Georg Stadler

Associate Professor
Courant Institute, New York University


PhD (2004), Mathematics, University of Graz, Austria
Postdoc, Research Associate, Research Scientist and Lecturer (2006-2014), The University of Texas at Austin

DiaMonD Research

Bayesian inverse problems, Optimal design and Optimization under uncertainty, Dimension reduction, Scalable solvers for ice sheet dynamics, multigrid

DiaMonD Collaborations

Alexanderian (NC State), Biros (UT Austin), Bui-Thanh (UT Austin), Ghattas (UT Austin), Isaac (U Chicago), Petra (UC Merced), Sundar (Univ. of Utah)


Georg Stadler is an Associate Professor of Mathematics at New York University’s Courant Institute of Mathematical Sciences. His research focuses on Bayesian inverse problems, on optimal experimental design and optimization under uncertainty for systems governed by PDEs. Moreover, he works on the development of large-scale multi-level iterative solvers for systems of PDEs, discretized by higher-order methods. This works is mainly driven by non-Newtonian fluid problems arising in modelling the dynamics of ice sheets and the flow in earth’s mantle.

Impact of DiaMonD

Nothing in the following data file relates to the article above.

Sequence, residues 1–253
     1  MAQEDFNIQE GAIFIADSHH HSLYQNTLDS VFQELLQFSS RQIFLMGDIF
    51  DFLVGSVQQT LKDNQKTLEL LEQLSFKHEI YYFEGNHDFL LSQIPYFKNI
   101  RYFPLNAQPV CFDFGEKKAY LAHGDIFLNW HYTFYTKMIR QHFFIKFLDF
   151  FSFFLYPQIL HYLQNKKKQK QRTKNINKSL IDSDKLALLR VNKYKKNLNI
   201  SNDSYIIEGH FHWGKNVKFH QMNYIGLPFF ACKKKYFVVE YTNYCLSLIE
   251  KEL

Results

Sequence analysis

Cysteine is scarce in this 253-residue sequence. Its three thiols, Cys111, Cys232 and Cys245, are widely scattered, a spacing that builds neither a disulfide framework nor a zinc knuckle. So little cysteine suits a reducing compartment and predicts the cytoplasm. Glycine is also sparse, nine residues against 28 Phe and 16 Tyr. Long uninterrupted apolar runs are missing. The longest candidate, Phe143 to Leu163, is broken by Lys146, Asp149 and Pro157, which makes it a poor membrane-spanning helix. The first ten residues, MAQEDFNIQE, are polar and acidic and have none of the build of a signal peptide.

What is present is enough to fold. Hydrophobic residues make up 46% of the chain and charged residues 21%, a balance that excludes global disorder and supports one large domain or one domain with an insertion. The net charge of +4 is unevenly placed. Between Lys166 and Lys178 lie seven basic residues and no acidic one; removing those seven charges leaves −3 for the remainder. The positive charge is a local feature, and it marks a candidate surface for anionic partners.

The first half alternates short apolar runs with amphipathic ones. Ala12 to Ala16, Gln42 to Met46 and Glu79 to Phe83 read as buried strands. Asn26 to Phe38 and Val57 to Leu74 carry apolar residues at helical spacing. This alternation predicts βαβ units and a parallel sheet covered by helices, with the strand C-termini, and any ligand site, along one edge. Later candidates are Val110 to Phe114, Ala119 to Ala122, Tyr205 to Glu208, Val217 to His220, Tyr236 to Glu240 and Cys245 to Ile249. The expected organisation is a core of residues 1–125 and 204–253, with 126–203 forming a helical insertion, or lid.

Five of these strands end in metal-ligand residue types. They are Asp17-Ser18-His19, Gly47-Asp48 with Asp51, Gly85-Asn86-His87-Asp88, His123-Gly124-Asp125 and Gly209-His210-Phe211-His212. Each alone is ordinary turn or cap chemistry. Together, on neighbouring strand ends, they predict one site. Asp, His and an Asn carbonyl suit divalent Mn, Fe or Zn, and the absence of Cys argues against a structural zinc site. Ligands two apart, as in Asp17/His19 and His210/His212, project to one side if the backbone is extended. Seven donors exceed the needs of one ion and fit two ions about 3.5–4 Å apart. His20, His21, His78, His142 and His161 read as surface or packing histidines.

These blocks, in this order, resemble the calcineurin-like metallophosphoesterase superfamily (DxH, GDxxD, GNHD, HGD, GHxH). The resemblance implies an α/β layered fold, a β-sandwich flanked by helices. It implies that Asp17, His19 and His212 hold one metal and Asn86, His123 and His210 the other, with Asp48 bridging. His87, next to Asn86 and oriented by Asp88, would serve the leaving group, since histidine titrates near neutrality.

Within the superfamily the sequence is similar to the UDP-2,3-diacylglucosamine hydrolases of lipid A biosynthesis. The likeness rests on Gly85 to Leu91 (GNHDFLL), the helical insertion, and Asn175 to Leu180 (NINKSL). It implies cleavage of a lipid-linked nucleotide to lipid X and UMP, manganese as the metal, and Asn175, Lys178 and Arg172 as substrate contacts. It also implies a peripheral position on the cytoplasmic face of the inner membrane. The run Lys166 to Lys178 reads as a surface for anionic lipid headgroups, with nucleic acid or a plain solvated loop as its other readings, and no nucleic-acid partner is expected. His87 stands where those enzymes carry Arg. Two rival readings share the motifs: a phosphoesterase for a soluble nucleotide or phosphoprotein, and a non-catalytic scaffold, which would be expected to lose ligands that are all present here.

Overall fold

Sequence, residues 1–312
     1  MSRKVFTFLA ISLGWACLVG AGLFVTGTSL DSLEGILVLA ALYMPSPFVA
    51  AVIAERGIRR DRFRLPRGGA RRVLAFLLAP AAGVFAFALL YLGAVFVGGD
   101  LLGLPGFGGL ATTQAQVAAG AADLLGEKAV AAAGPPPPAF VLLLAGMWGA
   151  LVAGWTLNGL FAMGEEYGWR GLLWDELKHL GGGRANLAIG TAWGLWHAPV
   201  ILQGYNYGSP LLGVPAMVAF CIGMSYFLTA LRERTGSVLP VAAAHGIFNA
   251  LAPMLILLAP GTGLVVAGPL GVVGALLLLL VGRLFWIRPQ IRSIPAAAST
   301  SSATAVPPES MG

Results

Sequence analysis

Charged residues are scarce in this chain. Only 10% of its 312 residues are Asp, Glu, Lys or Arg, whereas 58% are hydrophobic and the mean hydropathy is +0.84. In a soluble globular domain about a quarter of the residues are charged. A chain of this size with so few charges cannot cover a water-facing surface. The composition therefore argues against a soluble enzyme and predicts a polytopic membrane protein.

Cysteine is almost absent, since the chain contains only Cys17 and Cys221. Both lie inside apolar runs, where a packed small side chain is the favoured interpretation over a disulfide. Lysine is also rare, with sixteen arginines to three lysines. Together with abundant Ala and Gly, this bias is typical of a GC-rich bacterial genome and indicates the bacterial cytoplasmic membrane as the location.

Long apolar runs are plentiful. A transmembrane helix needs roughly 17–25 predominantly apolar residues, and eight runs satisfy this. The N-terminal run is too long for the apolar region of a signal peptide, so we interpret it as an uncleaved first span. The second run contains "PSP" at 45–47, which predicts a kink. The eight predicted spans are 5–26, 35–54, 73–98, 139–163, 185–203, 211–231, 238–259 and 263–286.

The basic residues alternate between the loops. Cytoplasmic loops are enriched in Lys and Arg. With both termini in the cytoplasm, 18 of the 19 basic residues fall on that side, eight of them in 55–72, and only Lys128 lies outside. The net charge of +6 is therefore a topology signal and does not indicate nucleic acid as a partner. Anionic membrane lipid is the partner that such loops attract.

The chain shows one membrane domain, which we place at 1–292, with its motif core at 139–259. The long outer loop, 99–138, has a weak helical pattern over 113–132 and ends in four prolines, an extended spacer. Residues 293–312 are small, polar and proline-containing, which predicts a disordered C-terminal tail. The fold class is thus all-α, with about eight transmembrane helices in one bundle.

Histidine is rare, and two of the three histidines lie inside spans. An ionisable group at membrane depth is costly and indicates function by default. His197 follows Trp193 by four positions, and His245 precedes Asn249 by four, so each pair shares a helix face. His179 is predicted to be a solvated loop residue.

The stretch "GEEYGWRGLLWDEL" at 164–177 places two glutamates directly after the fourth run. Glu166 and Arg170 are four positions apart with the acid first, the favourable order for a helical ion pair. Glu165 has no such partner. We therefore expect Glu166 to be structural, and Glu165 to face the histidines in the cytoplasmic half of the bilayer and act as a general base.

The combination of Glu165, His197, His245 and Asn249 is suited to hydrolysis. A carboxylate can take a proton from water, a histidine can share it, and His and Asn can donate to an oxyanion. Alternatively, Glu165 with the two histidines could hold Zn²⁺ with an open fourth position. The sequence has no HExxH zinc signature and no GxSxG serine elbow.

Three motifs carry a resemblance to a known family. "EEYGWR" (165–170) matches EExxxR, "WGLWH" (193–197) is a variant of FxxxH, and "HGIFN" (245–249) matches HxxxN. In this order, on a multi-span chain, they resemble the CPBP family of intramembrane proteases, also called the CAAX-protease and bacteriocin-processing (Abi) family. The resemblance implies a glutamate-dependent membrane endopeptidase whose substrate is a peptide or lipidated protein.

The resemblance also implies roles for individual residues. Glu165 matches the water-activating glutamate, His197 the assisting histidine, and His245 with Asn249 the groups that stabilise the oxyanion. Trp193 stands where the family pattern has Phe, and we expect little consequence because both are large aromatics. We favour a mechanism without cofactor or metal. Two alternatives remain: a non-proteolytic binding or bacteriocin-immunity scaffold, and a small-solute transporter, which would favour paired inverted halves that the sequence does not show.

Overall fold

Before joining the Courant Institute in 2014, Stadler was a Research Scientist in Ghattas’s group at UT Austin, and was partially supported by DiaMonD. His research contributions on the approximation of Bayesian inverse problems, on optimal experimental design and on optimization under uncertainty resulted from close collaboration with DiaMonD PI Ghattas, and with Alexanderian (NC State, formerly at UT Austin), Petra (UC Merced, formerly at UT Austin) and Bui-Thanh (UT Austin). His research on multi-level solvers and in particular multigrid was a close cooperation with DiaMonD PI Biros (UT Austin) and Sundar (Univ. of Utah, formerly at UT Austin). DiaMonD created a critical mass of young researchers with diverse backgrounds (Mathematics, CS, Engineering) to collaborate with each other. The driving applications helped to stay focused, and DiaMonD’s broad cross-cutting themes and regular meetings were a unique chance to establish new collaborations and independent research. Stadler is currently working on Gaussian random field priors for Bayesian inverse problems, and he is continuing active collaborations with Alexanderian and Petra, and with Ghattas and several students and postdocs of Ghattas’ team at UT Austin.